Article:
As I walked out of the media room last night, the sound of a ball pounding Branch McCracken Court immediately hit my ears.
So before hitting the exit in the south end of Assembly Hall, I took a quick peek around the corner to find a familiar face hoisting up shots.
It was Verdell Jones.
Headphones on. No expression on his face. Just Verdell, the ball, a student manager to rebound and the basket.
Roughly eighty minutes earlier, the buzzer sounded on arguably the worst stat performance of Jones’ Indiana career: 0-of-6 from the field, three rebounds, one assist, one steal and three turnovers in 23 minutes. Scoreless for just the second time in an IU uniform.
A bad game made worse by the fact that the Hoosiers, who had just three days ago soared to No. 7 in the latest Associated Press Top 25 Poll, lost for the first time this season at home to Minnesota.
The Golden Gophers, previously winless in Big Ten play, were coming off a 13-point loss at home to Purdue.
And in what may have been an even more shocking development than the loss for a team that has far exceeded expectations to-date, a smattering of boos were unleashed as Matt Roth was subbed out for Jones late in the second half.
Jones has been the most discussed and critiqued player on the roster for most of his time in Bloomington. Some of the criticism has been justified. Some of it has not.
The overriding theme, at least in the comments from this community, has been “Good Verdell” vs. “Bad Verdell.”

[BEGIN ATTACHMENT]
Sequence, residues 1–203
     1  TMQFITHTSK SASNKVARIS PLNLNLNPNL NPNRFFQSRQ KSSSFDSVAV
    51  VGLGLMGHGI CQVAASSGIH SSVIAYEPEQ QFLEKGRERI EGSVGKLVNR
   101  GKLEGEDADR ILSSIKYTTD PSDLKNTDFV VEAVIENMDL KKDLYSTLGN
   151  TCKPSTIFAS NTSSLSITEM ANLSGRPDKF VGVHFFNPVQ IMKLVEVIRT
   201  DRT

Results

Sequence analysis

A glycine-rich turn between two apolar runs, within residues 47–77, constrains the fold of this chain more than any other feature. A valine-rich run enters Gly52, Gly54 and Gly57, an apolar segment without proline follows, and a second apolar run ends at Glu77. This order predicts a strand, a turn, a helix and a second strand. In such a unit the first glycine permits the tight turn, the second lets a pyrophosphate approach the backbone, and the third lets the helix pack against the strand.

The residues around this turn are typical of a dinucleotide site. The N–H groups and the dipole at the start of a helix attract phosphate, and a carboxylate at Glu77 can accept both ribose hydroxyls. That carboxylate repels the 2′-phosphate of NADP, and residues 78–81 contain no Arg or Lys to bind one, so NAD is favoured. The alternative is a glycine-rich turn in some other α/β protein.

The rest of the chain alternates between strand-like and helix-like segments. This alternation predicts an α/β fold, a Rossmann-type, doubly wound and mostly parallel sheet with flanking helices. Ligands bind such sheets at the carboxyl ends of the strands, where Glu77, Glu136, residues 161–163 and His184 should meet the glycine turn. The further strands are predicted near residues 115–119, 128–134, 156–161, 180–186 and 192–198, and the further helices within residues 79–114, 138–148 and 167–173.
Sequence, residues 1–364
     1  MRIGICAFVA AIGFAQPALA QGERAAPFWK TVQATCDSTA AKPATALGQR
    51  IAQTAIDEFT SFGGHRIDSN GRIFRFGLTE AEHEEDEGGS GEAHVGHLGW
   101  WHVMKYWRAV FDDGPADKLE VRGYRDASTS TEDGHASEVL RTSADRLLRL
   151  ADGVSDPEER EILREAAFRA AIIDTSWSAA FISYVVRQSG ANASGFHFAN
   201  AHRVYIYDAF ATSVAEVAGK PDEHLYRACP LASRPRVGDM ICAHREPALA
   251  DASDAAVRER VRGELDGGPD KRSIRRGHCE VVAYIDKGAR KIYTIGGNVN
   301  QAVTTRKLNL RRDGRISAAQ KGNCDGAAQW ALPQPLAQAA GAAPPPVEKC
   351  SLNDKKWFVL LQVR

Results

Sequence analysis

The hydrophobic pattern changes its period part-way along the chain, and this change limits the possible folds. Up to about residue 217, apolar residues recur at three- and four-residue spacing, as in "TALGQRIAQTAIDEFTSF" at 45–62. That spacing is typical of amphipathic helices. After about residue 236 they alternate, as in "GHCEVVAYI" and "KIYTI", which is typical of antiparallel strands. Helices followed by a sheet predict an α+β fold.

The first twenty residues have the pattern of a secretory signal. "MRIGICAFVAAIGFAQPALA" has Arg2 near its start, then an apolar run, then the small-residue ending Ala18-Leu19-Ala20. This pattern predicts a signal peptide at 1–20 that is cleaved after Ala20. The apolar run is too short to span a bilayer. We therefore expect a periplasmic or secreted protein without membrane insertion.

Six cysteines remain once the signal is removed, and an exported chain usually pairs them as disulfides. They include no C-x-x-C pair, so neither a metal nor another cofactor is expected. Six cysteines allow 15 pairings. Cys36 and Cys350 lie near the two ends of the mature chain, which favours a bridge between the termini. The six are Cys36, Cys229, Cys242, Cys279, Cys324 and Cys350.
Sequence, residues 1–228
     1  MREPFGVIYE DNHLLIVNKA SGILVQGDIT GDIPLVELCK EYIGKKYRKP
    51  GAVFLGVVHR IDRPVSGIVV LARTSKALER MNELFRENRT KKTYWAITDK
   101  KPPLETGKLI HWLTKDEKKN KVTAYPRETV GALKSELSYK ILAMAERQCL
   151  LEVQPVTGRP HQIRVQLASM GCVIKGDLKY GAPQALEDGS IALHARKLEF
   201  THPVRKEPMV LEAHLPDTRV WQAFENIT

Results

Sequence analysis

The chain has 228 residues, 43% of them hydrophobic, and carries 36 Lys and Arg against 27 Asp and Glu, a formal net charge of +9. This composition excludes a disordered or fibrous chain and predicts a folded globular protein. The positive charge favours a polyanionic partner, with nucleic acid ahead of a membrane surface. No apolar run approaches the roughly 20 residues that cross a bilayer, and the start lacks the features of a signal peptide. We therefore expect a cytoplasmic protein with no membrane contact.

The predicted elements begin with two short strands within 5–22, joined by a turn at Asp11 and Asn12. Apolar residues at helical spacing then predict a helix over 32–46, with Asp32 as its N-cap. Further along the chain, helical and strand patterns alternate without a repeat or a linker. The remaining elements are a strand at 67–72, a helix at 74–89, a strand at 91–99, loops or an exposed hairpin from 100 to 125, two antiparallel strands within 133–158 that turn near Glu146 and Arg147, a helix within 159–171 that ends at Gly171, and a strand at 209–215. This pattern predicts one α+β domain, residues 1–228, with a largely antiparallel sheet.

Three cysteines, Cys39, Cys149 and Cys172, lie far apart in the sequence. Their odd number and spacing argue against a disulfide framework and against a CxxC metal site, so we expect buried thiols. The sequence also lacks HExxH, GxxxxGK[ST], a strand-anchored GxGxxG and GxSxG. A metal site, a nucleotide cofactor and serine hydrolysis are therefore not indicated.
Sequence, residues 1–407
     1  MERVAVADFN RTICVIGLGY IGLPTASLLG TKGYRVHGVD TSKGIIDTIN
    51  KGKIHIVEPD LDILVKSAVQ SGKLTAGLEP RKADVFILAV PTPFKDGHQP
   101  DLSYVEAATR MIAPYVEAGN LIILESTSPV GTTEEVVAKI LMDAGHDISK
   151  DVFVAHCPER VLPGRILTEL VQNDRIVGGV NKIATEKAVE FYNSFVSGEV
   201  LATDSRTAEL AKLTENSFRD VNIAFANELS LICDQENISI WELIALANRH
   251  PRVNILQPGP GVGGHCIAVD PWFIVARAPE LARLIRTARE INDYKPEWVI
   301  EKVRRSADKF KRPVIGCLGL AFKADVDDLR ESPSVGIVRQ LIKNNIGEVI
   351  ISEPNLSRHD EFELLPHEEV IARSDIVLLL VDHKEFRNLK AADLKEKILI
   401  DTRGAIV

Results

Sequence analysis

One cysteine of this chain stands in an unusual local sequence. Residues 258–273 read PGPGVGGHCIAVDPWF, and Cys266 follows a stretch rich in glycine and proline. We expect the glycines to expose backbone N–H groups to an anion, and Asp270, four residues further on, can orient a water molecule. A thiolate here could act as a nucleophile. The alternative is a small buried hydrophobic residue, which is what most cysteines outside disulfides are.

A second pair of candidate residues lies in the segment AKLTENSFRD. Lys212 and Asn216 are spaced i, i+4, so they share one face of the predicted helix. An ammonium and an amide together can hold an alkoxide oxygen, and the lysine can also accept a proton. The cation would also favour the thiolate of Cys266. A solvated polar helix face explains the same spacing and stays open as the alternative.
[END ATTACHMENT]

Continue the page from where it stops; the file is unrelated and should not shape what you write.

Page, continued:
Most of the frustration around “Bad Verdell”, I believe, derives from the belief that he has, at times, tried to do too much. The reality is that’s the position Jones has been placed in for the majority of his career.
And while placing him in that position hasn’t produced a bevy of wins over the past three seasons, those fortunes have changed this season. Jones’ efficiency numbers are down, but lest we forget so quickly his 17 points earlier in the season at Evansville or 14 points, including 6-of-6 free throws, less than two weeks ago against Ohio State. Or how about the game-winning assist against Kentucky and the mid-range jumper to seal the win over Michigan.
With any player, you take the good with the bad.
Jones was not made available for comment last night, but Herald-Times columnist Ryan Kartje asked Tom Crean a question centered around the premise that the senior guard lost his confidence in last night’s loss.
“Did he tell you that? Did he tell you he lost his confidence or is that just your own assessment?” Crean said. “Because he was out there battling I thought. I don’t know if it’s confidence as much as his edge. Your seniors and juniors when you have two guards like Verdell and Jordan [Hulls] they’ve got to be on top of the teams’ game all the time. They may not be on top of their game because they’re going to have struggles in it. But they’ve got to be on top of the teams’ game.”
Whether or not any confidence was lost by Jones, a question only he can answer, the fact is Indiana needs him to play better to continue their ascent in the Big Ten. He knows that, which is why he was hard at work past midnight in Assembly Hall.
But beyond just Verdell or any one player, Indiana must regain its edge. Sure, it’s an overused buzzword as Crean admits, but it’s true. The edge was not there last night. Let’s see if it returns Sunday in Columbus.
Filed to: Verdell Jones